*Disclosure: I am not a veterinarian (although I have been married to one for almost 15 years!) so this advice for what to do if you find a tick on your dog is just my personal opinion based on my person experience and observations.
Ick! What to do when you find a tick on your dog!
Camping, barbecues, lemonade and ticks. It’s summer but it’s also prime tick season. Those creepy crawly things that we can find on ourselves after a day of hiking in the hills or fishing our favorite water, we can also find on our beloved pets, especially our dogs.
Okay, so you found a tick on your dog, now what?
First of all, if you find one there is likely more and obviously the hairier the dog the more difficult they can be to find. When our dogs are running through the brush headfirst, these nasty little buggers are sitting and waiting like a hitchhiker for a ride. They are often found around the head and shoulders but can be found anywhere on the dog. Sometimes when they have been attached awhile and have become engorged, they are easy to spot (and so repulsive). If they have not been on your dog long or are in immature stages, they can be rather small so make sure to look carefully especially in creases and folds on your dog. Before a tick becomes engorged, they can actually be tricky to spot!
The best way to remove one is to use a piece of gauze or napkin and isolate it from the hair as best you can and apply gentle, steady traction. Typically, the tick will release. Oftentimes people think “they left the head of the tick in the dog” but really their head is so small when compared to the rest of their blood engorged body that it just looks that way.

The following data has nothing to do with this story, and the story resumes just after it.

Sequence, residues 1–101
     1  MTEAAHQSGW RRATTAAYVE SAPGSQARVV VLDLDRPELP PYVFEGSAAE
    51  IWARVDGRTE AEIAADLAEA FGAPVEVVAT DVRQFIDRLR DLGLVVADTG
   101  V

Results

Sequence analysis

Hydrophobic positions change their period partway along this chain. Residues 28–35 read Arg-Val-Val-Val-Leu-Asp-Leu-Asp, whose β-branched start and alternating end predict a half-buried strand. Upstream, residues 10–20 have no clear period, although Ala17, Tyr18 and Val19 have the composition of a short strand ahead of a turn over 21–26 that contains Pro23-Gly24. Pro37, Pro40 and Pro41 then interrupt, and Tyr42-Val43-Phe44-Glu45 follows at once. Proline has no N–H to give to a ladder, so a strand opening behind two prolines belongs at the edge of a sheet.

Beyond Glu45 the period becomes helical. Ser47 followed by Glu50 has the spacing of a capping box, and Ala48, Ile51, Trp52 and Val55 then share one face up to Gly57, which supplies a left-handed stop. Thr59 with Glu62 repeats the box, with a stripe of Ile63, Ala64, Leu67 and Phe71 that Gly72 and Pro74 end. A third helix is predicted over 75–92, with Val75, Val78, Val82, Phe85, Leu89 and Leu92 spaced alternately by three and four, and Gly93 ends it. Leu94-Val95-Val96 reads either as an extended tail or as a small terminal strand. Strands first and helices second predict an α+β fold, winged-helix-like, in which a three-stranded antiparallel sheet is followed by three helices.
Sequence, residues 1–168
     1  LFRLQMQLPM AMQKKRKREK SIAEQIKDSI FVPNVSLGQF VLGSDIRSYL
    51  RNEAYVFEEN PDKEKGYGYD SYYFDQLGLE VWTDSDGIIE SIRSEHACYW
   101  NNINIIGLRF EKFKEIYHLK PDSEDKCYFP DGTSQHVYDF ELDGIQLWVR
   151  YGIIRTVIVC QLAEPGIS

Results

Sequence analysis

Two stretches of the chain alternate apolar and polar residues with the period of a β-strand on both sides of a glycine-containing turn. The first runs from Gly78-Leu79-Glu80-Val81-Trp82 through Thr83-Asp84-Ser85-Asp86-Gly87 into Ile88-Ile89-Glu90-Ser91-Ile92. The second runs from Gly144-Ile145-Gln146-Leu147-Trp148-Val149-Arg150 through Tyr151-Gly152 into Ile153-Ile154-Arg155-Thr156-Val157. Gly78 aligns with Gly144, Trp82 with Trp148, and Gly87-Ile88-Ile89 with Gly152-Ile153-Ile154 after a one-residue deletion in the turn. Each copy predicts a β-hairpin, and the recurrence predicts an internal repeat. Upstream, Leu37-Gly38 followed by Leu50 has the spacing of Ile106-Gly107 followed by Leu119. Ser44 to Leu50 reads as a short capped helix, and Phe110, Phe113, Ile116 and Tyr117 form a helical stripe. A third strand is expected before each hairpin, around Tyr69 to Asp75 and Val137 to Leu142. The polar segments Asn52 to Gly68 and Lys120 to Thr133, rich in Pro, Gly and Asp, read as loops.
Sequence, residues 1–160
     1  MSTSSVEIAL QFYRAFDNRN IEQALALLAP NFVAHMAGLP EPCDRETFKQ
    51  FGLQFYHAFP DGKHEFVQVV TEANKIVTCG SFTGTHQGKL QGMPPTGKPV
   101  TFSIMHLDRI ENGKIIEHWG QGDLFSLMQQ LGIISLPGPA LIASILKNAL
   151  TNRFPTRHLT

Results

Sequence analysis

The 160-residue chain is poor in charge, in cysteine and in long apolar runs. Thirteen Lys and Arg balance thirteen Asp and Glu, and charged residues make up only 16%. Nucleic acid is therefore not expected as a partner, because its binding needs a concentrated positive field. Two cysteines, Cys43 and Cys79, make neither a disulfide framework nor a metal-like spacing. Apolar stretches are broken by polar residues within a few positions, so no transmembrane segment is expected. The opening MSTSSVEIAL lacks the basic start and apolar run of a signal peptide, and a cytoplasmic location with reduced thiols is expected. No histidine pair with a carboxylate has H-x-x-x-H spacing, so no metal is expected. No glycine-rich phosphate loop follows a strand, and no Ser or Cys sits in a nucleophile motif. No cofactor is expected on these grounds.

If you aren’t comfortable removing the tick this way, and many people aren’t, then there are also many tick removal tools available that actually work pretty well. We’ve listed some favorites below and since you’ll wish that you had one on hand when you first discover a tick, it never hurts to order now and tuck them away in a safe place.
Regardless of how you remove the tick, make sure to dispose of it properly so it doesn’t camp out as another houseguest and continue to look for another host. Where the tick was attached to your dog, a small area of dermatitis or skin inflammation may occur. A dab of Neosporin can be added to the bite location.
If you have any questions about ticks or concerns about tick borne diseases in your pet, certainly talk to your family veterinarian. He or she will likely have some answers. Tick borne diseases are considered zoonotic diseases which are transmissible to both animals and man, so any concerns should definitely be addressed and taken care of with a professional.
Of course, prevention is the best place to start. There are many over-the-counter tick preventatives available, in addition to, prescription tick preventatives available from your veterinarian.
Other action that you can take to prevent both dogs and humans from getting ticks is to carefully inspect yourself, your hair and your clothing upon returning home from outdoor activity. Often ticks will jump onto clothing and then work themselves onto a host so it is always a good idea to brush yourself off as much as you can before you get into a vehicle or home. Have a buddy look your over, check the dog and shake everyone out.
Once indoors, we always make everyone undress in our mudroom so that clothes can be shaken out and washed in case any ticks found their way home from our adventures with us. Many people don’t realize this, but quite often a tick can come into your home on a person and then end up attaching itself to the dog, or vice-versa! They don’t always stay on the first ride they hitch, so making sure that they don’t come into the house in the first place is always a fantastic idea.